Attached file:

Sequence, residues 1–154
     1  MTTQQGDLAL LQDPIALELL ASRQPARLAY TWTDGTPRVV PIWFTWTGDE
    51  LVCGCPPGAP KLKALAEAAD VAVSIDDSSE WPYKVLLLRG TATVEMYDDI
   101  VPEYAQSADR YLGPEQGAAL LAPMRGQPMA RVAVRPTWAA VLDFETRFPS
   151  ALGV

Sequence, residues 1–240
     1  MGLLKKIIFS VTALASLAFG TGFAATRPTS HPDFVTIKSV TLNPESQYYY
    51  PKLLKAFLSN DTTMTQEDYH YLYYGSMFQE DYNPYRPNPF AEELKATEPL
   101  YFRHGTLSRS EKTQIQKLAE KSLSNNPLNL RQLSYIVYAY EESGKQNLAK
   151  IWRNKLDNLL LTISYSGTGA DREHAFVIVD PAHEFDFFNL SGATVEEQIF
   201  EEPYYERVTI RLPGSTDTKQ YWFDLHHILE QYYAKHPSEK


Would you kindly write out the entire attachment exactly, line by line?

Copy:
Sequence, residues 1–154
     1  MTTQQGDLAL LQDPIALELL ASRQPARLAY TWTDGTPRVV PIWFTWTGDE
    51  LVCGCPPGAP KLKALAEAAD VAVSIDDSSE WPYKVLLLRG TATVEMYDDI
   101  VPEYAQSADR YLGPEQGAAL LAPMRGQPMA RVAVRPTWAA VLDFETRFPS
   151  ALGV

Sequence, residues 1–240
     1  MGLLKKIIFS VTALASLAFG TGFAATRPTS HPDFVTIKSV TLNPESQYYY
    51  PKLLKAFLSN DTTMTQEDYH YLYYGSMFQE DYNPYRPNPF AEELKATEPL
   101  YFRHGTLSRS EKTQIQKLAE KSLSNNPLNL RQLSYIVYAY EESGKQNLAK
   151  IWRNKLDNLL LTISYSGTGA DREHAFVIVD PAHEFDFFNL SGATVEEQIF
   201  EEPYYERVTI RLPGSTDTKQ YWFDLHHILE QYYAKHPSEK